Even if the expiration date doesn’t reflect it, this type of ginger will stay good for several years if stored properly.
Unlike fresh ginger, this type of processed ginger also doesn’t produce the same toxin or present the dangers of fresh ginger when it starts to go bad.
Like other processed, shelf-stable items, the date on the package is usually a “best-by” date, which is intended to be for product quality rather than food safety.
That means you can continue to use these products past the printed date on the label without worrying too much about it making you sick.
Over time, powdered ginger may lose some of its flavor and aroma, making it less effective in certain recipes.
So, if that’s your concern, you may choose to replace it with a new container once you reach the label’s printed date.
How To Store Ginger
When you purchase a whole piece of fresh ginger root, it’s best to store it in your refrigerator until you’re ready to use it.
Place the whole piece in an airtight, sealed, zip-top bag then put it in your refrigerator’s crisper drawer.
This will keep air and moisture from causing the root to begin to break down or mold. Stored this way, the ginger should stay good in the fridge for quite some time.
Once you peel or chop your ginger root, you can store it in the fridge for about a week if you wrap it tightly in plastic wrap or place it in an airtight, sealed container.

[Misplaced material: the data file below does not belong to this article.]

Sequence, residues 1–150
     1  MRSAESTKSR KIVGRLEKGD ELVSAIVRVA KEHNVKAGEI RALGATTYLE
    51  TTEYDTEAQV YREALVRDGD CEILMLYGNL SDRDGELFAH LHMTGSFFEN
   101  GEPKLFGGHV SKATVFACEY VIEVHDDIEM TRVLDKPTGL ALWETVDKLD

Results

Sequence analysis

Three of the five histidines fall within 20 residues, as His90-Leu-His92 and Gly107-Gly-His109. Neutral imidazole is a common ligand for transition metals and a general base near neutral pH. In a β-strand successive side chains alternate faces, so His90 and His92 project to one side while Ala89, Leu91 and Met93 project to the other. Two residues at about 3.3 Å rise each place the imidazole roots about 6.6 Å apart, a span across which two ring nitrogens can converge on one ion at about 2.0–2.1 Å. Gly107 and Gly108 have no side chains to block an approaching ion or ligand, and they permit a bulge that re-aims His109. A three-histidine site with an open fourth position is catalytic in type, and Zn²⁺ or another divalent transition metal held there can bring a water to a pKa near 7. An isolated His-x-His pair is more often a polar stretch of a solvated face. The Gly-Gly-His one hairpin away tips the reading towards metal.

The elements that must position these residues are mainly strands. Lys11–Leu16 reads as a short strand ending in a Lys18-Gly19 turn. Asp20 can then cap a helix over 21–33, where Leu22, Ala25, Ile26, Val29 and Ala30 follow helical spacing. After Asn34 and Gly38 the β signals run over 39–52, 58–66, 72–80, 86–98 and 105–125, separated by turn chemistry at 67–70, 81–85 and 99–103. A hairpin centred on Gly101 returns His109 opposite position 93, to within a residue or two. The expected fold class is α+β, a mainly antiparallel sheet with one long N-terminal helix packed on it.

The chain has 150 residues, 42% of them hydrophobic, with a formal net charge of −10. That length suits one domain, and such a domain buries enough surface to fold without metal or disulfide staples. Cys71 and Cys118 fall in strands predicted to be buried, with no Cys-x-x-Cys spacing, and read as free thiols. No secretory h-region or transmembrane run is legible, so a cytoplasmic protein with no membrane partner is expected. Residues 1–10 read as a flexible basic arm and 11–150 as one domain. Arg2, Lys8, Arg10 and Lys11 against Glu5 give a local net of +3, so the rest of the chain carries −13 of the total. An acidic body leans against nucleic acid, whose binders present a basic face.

Some people soak the ginger root in a jar of vodka and keep it in the refrigerator for several weeks.
It’s also possible to freeze ginger, which is a good option if you don’t use it very often but you need it frequently enough to keep a piece on hand.
You should wrap the ginger tightly in plastic wrap then place it in a freezer bag. You can keep it in the freezer for about six months.
Frozen ginger may become soggy when you thaw it, but you can avoid this by not thawing it completely.
You can leave the ginger root in its frozen state to chop or grate it.
The Bottom Line
It’s never a good idea to eat food products that are spoiled or rotten. Once ginger goes bad and starts to mold, you should always throw it out.
Moldy or rotten ginger can make you sick or even cause liver damage if you consume it.
To tell if your ginger is good, look at the texture, feel it for firmness, and use your senses of smell and taste to determine the freshness.
Remember, it’s always better to be safe than sorry, so when in doubt, you should always throw it out.
Some people are happy with cutting away any moldy pieces if there’s only a small amount and using the remaining ginger like normal.
You can do this if you’d like, just be sure that you fully remove any mold and only use this technique if the mold contamination is minimal.